BREVARD COUNTY, Fla. – It’s the summer of Mars.

In the past few weeks, two different spacecraft have launched to the red planet and on July 30, one more was sent out.

After the United Arab Emirates and China successfully launched their spacecraft to Mars earlier this month, the United States has gotten in on the action.

United Launch Alliance’s Atlas V rocket, equipped with NASA’s Mars Perseverance rover, launched Thursday morning from Cape Canaveral Air Force Station in Florida. 

Perseverance would be NASA’s fifth rover to reach the Martian surface.

NASA’s Mars Perseverance rover will store rock and soil samples in sealed tubes on the planet’s surface for future missions to retrieve, as seen in this illustration.

Video: Watch an Atlas V rocket launch NASA’s Perseverance rover to Mars

‘Perseverance will bring all human senses to Mars’

Perseverance will bring the space agency one step closer in taking humans to Mars – an initiative that’s been a long time coming. 

“Perseverance is … the bridge between science and human exploration that demonstrates how the two can support and reinforce each other,” said Thomas Zurbuchen, NASA’s Associate Administrator for the Science Mission Directorate during a media teleconference last week. 

“Basically, Perseverance will bring all human senses to Mars. We’ll sense the air around it, see and scan the horizon. Hear the planet with microphones on the surface for the first time,” Zurbuchen continued. “Feel it as it picks up samples and caches them. Perhaps even taste (the samples) … as other instruments sample the chemistry and the rocks and soil around it. As humans prepare for the greatest adventure here in (human) exploration of Mars, our robots can help.” 

Perseverance marks the first time the space agency attempts a sample-return mission from Mars or from any other planet.

Throughout its 10-year mission, the rover will attempt to search for past signs of extraterrestrial life by collecting and caching Martian rock samples. Then in 2026, another mission will send a sample return lander to collect the Martian samples and return them to Earth for scientists to study.

An artist's rendering of the new Mars Rover Perseverance, which is expected to reach the Red Planet in 2021.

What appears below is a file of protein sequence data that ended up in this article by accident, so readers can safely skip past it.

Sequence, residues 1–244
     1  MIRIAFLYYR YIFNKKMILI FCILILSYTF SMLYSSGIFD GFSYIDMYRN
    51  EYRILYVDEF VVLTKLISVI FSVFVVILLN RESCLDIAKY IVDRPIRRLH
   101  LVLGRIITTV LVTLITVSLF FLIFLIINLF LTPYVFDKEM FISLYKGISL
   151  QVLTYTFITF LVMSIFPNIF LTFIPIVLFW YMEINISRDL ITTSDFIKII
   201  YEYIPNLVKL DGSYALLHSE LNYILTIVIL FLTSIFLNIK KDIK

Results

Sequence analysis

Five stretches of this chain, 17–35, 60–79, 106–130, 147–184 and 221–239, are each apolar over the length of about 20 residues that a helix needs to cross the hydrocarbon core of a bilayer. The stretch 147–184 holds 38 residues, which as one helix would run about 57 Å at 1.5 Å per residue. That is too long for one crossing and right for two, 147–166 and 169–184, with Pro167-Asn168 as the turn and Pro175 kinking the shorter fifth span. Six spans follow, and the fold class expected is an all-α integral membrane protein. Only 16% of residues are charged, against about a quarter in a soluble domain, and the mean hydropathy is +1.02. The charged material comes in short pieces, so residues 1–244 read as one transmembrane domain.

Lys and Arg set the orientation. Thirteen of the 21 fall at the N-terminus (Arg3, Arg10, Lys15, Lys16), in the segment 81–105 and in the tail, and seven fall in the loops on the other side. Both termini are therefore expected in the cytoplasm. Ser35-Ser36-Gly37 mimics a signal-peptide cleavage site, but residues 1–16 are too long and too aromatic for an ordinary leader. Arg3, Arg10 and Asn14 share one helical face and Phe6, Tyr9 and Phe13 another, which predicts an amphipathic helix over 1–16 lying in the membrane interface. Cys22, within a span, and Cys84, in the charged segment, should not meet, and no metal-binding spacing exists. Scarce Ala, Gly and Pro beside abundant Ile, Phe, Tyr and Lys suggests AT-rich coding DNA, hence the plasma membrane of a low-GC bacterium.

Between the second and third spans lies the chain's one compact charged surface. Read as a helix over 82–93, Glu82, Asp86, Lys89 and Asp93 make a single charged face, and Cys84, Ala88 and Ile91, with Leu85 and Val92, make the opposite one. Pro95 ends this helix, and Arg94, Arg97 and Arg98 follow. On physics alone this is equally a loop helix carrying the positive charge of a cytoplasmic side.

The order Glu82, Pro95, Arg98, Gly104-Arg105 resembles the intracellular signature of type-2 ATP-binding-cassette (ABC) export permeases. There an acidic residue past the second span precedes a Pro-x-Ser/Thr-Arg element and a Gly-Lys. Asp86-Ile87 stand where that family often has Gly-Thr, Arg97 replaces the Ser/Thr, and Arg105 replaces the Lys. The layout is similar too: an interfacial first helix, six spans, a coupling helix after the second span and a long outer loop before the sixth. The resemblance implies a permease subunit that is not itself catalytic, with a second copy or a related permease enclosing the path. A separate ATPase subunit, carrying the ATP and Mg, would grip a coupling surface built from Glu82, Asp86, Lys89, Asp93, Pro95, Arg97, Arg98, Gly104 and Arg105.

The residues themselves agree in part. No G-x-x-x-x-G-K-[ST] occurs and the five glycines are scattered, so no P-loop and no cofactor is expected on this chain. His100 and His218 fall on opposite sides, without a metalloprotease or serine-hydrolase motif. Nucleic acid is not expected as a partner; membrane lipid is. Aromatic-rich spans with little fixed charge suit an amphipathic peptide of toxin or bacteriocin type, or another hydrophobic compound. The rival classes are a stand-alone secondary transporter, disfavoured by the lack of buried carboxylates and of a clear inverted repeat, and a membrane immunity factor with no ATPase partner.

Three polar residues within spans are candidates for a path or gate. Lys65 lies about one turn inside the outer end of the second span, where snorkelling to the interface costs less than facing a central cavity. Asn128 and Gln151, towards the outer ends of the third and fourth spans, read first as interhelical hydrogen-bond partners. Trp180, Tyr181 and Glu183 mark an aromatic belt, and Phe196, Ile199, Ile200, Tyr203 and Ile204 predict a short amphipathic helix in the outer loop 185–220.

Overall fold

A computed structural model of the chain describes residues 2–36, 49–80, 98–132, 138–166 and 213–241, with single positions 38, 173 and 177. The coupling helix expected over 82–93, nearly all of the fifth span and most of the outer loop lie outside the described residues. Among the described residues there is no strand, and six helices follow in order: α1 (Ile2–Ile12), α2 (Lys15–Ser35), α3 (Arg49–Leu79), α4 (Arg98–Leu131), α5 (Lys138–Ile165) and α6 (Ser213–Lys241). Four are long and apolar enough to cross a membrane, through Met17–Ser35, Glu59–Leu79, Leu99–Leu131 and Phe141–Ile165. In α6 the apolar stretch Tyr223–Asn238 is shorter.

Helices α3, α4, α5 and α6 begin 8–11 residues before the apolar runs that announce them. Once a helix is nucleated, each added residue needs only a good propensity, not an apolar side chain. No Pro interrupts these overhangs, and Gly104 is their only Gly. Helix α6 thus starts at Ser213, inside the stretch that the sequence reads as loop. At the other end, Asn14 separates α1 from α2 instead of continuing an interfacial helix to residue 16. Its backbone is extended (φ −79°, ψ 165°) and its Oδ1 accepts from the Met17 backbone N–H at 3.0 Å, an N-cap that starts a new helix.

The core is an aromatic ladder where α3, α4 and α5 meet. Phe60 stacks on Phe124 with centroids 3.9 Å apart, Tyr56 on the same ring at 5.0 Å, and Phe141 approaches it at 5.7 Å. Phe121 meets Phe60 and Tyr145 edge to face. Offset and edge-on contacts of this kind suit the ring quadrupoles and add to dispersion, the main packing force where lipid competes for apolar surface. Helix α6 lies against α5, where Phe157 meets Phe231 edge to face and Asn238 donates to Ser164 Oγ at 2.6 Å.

An artist’s rendering of the new Mars Rover Perseverance, which is expected to reach the Red Planet in 2021.

“It’s going to be the first launch off of the planet Mars,” Zurbuchen told FLORIDA Today, part of the USA TODAY Network, in February. “But we’re already thinking about how to launch off the (red) planet with people because that’s going to be the core piece of the crowning achievement of that Artemis program (NASA’s program to head back to the moon by 2024).”

Aside from learning how to launch off another planet, NASA also needs to figure out how to sustain human life on Mars so the space agency can eventually send astronauts to the Martian surface, NASA administrator Jim Bridenstine told reporters during a Monday pre-launch teleconference from Kennedy Space Center. 

Perseverance will help the space agency tackle that issue. 

One of the rover’s instruments, which is called the Mars Oxygen In-Situ Resource Utilization Experiment or MOXIE, will attempt to demonstrate how future explorers might produce oxygen from the Martian atmosphere for propellant and for breathing.

“That’s a really exciting mission that is a precursor to an eventual human mission to Mars,” Bridenstine said.

Follow reporter Antonia Jaramillo on Twitter at @AntoniaJ_11.

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This article originally appeared on Florida Today: NASA Mars Perseverance rover: Stepping stone for humans on red planet

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